Art, Trade and Culture in the Islamic World and Beyond: From the Fatimids to the Mughals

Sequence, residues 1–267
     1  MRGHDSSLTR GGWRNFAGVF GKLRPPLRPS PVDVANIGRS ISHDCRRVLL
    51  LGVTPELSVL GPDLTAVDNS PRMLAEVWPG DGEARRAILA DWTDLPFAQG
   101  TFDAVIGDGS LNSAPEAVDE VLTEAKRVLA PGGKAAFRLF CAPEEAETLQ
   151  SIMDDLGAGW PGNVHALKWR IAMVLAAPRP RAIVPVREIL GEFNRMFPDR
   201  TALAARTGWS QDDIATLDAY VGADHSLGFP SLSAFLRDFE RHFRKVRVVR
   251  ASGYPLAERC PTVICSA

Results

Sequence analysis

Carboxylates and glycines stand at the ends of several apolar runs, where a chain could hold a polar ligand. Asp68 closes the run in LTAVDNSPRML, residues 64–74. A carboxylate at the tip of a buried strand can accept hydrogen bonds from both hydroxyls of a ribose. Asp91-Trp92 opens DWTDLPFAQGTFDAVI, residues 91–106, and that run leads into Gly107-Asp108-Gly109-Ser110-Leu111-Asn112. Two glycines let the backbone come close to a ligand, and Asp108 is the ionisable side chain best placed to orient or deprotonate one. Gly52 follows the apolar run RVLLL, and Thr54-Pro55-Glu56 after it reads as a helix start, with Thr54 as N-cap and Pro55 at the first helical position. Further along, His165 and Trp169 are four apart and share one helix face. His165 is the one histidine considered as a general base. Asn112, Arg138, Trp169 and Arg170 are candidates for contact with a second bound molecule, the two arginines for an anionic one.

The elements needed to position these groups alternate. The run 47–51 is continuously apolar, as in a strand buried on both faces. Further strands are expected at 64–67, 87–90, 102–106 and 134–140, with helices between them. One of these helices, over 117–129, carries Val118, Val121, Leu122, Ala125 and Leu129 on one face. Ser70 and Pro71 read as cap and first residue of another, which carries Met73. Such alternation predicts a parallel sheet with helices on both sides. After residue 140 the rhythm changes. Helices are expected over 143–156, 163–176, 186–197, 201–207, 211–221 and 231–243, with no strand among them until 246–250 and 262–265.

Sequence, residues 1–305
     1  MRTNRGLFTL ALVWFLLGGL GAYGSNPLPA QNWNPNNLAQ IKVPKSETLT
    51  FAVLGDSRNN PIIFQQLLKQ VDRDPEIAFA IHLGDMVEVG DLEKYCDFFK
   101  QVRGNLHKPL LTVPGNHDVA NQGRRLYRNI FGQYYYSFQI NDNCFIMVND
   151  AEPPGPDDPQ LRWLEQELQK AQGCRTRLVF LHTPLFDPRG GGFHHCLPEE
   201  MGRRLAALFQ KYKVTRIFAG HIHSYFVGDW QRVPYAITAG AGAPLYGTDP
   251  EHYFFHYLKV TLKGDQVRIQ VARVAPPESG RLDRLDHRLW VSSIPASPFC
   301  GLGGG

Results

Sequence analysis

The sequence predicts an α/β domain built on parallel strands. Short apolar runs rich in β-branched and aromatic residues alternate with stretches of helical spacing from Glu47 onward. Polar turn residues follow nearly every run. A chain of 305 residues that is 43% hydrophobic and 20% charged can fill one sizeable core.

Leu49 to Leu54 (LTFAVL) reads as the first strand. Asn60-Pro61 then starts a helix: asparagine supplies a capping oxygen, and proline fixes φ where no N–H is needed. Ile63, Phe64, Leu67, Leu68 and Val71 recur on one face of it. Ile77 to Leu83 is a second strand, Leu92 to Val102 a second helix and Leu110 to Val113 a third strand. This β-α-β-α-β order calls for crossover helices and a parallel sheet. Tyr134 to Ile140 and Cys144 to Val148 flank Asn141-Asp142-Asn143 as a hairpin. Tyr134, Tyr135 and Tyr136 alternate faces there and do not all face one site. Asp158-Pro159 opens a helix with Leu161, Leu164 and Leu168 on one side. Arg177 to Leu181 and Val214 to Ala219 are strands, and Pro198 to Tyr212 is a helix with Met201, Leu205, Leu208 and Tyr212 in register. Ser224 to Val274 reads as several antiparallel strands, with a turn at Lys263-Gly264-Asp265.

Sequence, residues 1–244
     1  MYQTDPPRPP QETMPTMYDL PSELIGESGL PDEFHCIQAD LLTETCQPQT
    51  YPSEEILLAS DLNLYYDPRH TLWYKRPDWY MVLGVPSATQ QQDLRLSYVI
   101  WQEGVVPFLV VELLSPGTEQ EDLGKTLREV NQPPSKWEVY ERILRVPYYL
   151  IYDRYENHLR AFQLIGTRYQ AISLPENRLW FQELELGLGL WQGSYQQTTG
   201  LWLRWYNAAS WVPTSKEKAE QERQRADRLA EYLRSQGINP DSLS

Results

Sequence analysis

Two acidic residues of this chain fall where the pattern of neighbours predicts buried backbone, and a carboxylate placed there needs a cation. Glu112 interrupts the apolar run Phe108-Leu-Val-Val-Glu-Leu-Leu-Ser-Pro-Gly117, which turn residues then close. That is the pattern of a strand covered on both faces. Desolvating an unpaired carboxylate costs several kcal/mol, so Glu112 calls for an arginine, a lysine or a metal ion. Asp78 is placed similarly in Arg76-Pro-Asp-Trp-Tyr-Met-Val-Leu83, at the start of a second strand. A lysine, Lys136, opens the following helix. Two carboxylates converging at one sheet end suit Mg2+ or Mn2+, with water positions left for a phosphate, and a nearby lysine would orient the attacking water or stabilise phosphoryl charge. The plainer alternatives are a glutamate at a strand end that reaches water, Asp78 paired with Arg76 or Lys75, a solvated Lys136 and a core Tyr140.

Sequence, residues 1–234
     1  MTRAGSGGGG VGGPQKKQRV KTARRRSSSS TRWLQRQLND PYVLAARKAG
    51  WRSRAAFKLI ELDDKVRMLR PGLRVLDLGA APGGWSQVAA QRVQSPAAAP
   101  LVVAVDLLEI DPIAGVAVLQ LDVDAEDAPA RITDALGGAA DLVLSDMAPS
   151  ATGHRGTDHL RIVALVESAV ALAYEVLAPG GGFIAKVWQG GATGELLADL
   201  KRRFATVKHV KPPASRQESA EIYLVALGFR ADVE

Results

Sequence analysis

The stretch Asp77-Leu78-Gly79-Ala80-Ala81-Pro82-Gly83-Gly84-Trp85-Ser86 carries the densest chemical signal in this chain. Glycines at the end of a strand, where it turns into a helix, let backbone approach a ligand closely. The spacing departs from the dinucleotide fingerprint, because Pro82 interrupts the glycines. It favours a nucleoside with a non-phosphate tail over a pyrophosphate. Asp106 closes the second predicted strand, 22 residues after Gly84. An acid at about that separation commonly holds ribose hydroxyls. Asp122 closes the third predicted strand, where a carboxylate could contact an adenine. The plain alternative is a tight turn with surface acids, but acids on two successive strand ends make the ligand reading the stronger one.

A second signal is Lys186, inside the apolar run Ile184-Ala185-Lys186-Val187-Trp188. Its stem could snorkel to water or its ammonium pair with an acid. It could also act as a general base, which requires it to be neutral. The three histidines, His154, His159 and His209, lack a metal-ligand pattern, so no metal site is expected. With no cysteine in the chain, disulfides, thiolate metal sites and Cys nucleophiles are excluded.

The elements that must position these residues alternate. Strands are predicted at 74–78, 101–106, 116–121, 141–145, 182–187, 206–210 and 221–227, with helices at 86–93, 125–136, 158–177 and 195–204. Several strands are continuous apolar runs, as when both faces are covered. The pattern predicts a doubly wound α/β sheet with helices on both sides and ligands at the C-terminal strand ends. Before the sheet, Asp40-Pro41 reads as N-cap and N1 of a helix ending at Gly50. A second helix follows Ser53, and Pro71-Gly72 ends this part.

This compendium of 23 essays is dedicated to Doris Behrens-Abouseif, who retired from the Khalili Chair of Islamic Art and Archaeology at SOAS, University of London, in 2014. The range and depth of the contributions are a fitting tribute. The essays are grouped by medium: metalwork, architecture, ceramics, books, art and painting, and material culture, the latter focsing on motifs and techniques. Some examine such over-looked pieces as a damaged 13th-century pen box whose decoration Moya Carey ties to the Mosul court, or Chinese-style ceramics from the late 18th to the mid-19th cdntury that George Manginis traces to Armenian traders in India. Others bring new insights to famous works and sites, and many draw unexpected connections. Jeremy Johns, for example, argues that artisans from Fatimid Cairo carved the ceiling of Palermo's Cappella Palatina in the 1130 and '40s, then traveled to Constantinople to work on a hall in the Great Palace.